In the story, the characters must solve puzzles, all have a different shape and is presented in a different way: an image, a sentence, some numbers. And everyone has to understand what it is to find the keys scattered throughout the world and then save his/her lineage. But that does not mean that the world won’t collapse and the death of millions of people will occur so at the same time. A game that can only end with the death of all and let only live certain persons. But everything is a race against time and nothing will be easy for each character. All must face voluntarily or not this game. While some take pleasure in killing, it is more difficult to act for others who prefer to partner when they can.

We therefore follow the saga of these young people attending their choice, their desires and the things they have to do. Some will die very quickly, others during the story but I’m really curious to see where this will lead in the end. A step is engaged, one that will lead to many other problems.

In conclusion, despite a somewhat difficult start, I was really intrigued about this quest and its characters and I’m really curious to learn more and find out how it will end.



26 thoughts on “Endgame: The Calling by James Frey & Nils Johnson-Shelton

  1. Sometimes having similarities in stories isn’t a bad thing and sometimes it can work against the story. It sounds like this was an okay read though even with the similarities.
    Great review. I hope you have a next weekend!

  2. Yeah, it’s what made me not want to read it since it basically sounds like a The Hunger Games rip-off. At least you enjoyed it (though I wouldn’t be able to get past too may similarities- especially because THG is one of my favourite series.) 🙂

  3. I try really hard not to compare a book I pick up to anything I picked up before it, but sometimes it’s just impossible not to draw those comparisons. I’m glad that this book eventually deviated from The Hunger Games and you were able to really settle in and enjoy yourself!!!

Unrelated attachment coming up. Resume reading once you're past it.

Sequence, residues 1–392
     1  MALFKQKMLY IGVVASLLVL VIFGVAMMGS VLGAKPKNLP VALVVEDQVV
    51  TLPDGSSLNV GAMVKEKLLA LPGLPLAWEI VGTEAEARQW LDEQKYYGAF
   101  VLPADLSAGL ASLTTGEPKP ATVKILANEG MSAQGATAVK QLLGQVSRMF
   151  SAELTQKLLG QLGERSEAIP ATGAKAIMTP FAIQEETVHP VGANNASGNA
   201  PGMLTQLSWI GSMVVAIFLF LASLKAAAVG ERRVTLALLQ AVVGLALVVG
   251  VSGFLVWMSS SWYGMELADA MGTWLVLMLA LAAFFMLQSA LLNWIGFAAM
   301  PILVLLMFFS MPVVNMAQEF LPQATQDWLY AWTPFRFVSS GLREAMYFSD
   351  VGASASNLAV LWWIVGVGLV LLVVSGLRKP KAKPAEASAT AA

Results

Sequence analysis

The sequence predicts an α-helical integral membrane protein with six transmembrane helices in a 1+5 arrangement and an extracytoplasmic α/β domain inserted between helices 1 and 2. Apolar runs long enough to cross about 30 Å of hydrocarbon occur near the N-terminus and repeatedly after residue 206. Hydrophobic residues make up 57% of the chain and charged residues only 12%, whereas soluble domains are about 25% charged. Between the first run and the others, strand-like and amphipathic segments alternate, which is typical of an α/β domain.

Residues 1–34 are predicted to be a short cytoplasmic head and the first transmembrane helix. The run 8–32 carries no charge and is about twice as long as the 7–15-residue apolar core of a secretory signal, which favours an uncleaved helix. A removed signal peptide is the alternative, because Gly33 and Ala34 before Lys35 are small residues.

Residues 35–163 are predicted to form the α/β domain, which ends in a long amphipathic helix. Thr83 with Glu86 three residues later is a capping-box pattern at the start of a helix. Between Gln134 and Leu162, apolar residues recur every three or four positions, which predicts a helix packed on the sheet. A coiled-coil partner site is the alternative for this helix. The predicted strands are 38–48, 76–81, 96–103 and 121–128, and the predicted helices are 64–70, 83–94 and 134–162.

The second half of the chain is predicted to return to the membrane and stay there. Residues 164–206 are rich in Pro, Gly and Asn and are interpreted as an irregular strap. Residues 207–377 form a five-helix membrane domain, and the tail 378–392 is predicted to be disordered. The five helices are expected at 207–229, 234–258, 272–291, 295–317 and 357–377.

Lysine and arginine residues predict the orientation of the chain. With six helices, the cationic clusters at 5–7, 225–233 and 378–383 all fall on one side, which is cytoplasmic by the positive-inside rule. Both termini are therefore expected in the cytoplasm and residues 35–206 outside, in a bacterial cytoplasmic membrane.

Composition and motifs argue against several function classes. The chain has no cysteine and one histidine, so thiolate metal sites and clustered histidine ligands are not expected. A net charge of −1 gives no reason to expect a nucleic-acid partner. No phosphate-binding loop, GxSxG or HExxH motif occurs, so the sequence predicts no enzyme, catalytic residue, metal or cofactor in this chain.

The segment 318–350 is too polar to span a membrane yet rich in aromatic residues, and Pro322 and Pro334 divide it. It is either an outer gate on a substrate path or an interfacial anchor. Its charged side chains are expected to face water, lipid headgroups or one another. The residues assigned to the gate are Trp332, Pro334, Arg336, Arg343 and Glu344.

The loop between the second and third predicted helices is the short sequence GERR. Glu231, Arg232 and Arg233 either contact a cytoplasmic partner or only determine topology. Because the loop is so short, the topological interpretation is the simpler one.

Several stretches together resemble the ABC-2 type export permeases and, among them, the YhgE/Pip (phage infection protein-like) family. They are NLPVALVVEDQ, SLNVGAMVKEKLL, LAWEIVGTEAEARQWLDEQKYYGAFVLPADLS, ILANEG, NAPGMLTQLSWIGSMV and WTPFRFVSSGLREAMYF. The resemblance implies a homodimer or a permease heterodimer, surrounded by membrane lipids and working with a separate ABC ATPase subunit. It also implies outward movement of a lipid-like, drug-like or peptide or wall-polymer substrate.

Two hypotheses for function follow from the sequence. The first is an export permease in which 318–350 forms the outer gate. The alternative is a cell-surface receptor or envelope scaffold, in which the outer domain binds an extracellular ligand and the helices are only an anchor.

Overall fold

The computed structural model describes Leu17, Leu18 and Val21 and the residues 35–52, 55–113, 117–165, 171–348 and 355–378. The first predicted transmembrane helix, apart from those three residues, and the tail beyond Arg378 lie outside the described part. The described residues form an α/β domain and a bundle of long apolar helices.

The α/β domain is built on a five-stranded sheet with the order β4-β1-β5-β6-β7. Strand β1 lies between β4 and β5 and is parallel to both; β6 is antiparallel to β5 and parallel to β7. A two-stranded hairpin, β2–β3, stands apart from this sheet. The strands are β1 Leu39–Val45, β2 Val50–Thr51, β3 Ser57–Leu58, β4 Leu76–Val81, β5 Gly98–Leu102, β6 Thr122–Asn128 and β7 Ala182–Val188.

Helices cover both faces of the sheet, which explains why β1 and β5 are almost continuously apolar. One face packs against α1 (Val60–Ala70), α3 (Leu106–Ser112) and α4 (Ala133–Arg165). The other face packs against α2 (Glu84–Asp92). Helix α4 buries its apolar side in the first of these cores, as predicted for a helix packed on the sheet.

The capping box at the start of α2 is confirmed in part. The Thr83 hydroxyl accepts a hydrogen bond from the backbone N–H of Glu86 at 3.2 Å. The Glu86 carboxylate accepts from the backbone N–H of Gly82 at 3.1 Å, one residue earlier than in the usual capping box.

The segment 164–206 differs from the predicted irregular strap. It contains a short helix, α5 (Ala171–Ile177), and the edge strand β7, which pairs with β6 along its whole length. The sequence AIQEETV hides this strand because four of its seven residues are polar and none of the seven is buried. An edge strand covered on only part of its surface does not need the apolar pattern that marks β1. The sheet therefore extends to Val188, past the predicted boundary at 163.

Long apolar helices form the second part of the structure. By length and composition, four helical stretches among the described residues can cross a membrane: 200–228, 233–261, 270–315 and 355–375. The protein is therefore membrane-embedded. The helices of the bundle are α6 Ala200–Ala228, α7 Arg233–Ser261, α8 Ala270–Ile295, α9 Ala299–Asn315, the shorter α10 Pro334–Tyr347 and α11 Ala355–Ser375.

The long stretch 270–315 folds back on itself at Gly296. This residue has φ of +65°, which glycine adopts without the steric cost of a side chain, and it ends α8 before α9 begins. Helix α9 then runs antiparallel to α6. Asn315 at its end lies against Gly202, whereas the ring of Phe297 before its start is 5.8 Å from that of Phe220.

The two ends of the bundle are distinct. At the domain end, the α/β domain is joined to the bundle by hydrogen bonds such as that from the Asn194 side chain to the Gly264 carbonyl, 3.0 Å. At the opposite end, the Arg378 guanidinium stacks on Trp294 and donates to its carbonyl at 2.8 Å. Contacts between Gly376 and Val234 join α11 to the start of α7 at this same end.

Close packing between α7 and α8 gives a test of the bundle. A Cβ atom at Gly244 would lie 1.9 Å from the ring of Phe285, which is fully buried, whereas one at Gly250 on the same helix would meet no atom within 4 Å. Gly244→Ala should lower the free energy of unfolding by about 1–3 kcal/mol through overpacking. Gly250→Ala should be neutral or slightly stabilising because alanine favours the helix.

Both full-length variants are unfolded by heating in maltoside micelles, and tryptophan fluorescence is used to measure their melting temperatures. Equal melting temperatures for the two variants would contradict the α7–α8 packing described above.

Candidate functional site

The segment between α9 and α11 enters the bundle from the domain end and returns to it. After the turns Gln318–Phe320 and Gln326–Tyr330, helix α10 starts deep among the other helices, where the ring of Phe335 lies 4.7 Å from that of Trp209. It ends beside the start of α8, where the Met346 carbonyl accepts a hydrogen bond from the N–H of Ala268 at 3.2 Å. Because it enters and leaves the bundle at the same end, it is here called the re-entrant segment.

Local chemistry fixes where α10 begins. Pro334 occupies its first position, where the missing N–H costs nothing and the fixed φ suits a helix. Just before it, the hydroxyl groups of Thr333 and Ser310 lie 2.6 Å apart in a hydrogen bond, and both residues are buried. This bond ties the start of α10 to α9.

4. I have a book with this very cover on my TBR pile though neither the title nor the synopsis looks familiar. Perhaps another case of a book with differing covers depending on the market to which they are intended.

    For some reason sounding like a cross between Harry Potter (I’m thinking Quidditch) and more obviously The Hunger Games to me. I’m hoping this isn’t the book on my pile.

  5. Sounds like an interesting (spell check couldn’t correct intreging) premise a little conspiracy theory about aliens building our society and then forcing teens to play a game. The game part lost me a little, but I think that’s the whole point of the book. I try to read a book for what it is and not compare, but sometimes the copying is too obvious. This still looks good though. Nice review!

  6. How very primitive. I can see the HG similarities but what this reminds me of is that Mayan basketball to the death game. LOL sorry for being weird today, havin ony 2.5 of sleep will do tht to you.

    Yeah, I’m interested to see how this will go.

  7. This looks pretty cool! I had a thought that the blurb makes the book sound like the ultimate reality TV show, like Survivor and Amazing Race rolled into one. I’ve never heard of this one, I’m going to have to check it out now, thanks for the heads up!